Mesoamerica is a pre-Columbian cultural area of Mexico and Central America influenced by presence or major trade with the Olmec, Maya, Teotihuacan, Toltec, or Aztec.

Archaeologists, ethnographers, ethnohistorians, and other scholars need a reference term other than “Central America” since geographically most of Mexico is in North America. “North America” extends to the Isthmus of Tehuantepec; then Central America starts.

Mesoamerica, to me as a researcher of cultures of both Mexico and Central America, is the area occupied and significantly influenced by any of the core Mesoamerican civilizations, specifically the Olmec, Maya, Teotihuacan, Toltec, and especially the Aztec, before the arrival of the Spaniards.

The Olmecs are one of the “Mother Cultures” of Mesoamerica. Several of the deities of the later Maya, and aspects of the hieroglyphic writing of the Maya, and some words in Mayan languages, come from the Olmec.

The Olmec maintained active trade route contacts down into Central America, especially through the coastal plains of Guatemala southward.

The Teotihuacan civilization, which I prefer to designate as the Teotihuacan empire (due to its extensive almost colony-like outposts throughout Guatemala and into Honduras) also spread Mexican influence far southward. Teotihuacan impact was especially during the 4th through 6th centuries, to the extent that the Classic Maya were still occasionally flaunting Teotihuacan symbols and the deity Tlaloc during the Maya Late Classic, 7th through 9th centuries.

The Maya areas were from Tabasco at their “north” though Chiapas, Yucatan, Campeche, Quintana Roo, Guatemala, Belize and into portions of western El Salvador and Honduras.

But the Maya had trade networks north through Cacaxtla, Puebla (not far from Mexico City) and the Maya also traded southward past Honduras.

The Toltec and related pre-Aztec peoples also influenced areas of Guatemala as did several other core Mexican cultures: Coatzumalhuapa is the area you can see the cultural mixture in Guatemala (you may begin to notice that Guatemala was a major intermediate point in trade from the imperial civiliations of the central areas of Mexico as they set up trade routes as far as Costa Rica).

Then came the Aztecs. Although their empire only began a few hundred years before the arrival of the Spaniards, the Aztecs really did a lot of trade and commerce throughout Central America.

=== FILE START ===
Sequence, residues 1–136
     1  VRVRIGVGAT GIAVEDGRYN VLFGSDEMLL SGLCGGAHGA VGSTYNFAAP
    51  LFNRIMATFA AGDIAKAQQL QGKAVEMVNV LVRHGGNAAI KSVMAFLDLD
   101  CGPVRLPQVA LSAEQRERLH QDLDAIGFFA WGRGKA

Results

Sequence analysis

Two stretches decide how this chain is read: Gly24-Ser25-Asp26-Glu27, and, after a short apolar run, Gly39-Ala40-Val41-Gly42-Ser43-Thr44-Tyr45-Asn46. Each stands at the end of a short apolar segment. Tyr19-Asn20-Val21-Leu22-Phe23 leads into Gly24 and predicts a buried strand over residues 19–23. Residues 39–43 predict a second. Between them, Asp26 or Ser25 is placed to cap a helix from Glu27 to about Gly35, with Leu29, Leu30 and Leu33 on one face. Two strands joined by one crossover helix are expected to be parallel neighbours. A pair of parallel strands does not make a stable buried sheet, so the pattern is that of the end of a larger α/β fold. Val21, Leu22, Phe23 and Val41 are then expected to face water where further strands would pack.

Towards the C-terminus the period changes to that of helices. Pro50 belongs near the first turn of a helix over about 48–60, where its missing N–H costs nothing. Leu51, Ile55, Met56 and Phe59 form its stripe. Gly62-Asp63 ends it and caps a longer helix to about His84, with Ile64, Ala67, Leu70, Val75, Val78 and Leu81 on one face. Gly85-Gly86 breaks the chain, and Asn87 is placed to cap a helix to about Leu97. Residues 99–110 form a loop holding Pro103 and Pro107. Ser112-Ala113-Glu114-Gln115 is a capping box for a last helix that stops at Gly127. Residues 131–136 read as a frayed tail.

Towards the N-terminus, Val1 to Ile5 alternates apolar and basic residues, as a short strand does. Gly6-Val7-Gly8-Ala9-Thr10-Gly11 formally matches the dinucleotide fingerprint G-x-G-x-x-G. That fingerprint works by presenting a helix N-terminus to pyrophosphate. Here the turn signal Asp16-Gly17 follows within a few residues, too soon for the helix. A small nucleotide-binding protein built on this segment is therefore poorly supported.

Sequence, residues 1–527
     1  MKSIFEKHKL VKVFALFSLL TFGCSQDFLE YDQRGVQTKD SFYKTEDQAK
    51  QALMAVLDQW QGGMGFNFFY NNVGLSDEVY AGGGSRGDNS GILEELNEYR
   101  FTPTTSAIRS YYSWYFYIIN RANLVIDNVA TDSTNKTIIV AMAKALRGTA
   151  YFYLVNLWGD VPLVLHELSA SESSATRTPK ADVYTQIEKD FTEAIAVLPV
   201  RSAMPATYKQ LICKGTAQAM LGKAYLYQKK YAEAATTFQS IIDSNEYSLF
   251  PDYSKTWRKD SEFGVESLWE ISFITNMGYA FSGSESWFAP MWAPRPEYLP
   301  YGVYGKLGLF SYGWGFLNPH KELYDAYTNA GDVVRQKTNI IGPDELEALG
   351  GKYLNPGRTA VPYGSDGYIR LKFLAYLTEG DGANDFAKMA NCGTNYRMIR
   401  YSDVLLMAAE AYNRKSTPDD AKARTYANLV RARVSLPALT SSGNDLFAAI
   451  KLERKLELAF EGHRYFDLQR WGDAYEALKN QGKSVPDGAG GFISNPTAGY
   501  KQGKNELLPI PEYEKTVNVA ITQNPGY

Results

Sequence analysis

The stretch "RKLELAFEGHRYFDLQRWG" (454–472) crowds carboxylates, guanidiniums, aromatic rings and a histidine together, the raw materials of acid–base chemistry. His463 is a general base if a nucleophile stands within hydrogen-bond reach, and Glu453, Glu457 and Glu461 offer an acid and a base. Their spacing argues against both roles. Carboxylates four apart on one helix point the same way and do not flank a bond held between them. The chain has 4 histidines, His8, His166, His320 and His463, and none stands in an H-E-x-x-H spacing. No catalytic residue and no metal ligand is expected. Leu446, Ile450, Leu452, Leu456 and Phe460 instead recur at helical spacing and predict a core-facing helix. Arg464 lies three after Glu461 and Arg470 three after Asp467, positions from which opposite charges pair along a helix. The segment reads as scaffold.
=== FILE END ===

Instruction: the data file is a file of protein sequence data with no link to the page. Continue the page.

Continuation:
You could spend days, weeks, months, learning about how far south, and how far north, Mesoamerican influence reached. But the point is that when you discuss the geography of the pre-Hispanic civilizations, much of the area is technically in “North America:” all of the homelands of the Olmec, Teotihuacan, Toltec, and Aztec are in the central third of Mexico, which geographically is part of “North America.” Only the Maya had their homeland clearly, fully, and specifically in Central America (though they traded on a regular basis with substantial areas of lower North America.

So we prefer to use the cultural concept of Mesoamerica, especially to include much of Mexico. Best if scholars of far northern Mexico and adjacent southern USA debate how far Mesoamerican influenced reached: for example, does trade in macaw feathers or minerals from fully Mesoamerican areas of Mexico extend the border of Mesoamerica northward?

In summary: Mesoamerica includes

  • most of Mexico,

and all of

  • Guatemala
  • Belize
  • El Salvador
  • Honduras
  • Nicaragua

and at least parts of

  • Costa Rica

You could write a thesis or even a dissertation on how to define the northern and southern borders. Since I work with the Olmec, Teotihuacan, and especially the Maya, I tend to focus on “Central Mexico” southward into western Honduras and western El Salvador. I am aware that all three of the cultures I enjoy learning about had trade routes deeper into southern Mesoamerica, but in 50 years of research so far I find more than enouth to fill my memory cells with the core area.

The scholar who is traditionally credited with emphasizing the concept of “Mesoamerica” is  Paul Kirchhoff.

1943 Mesoamérica. Sus Límites Geográficos, Composición Étnica y Caracteres Culturales". Acta Americana 1 (1): 92–107.

Other useful glossary terms: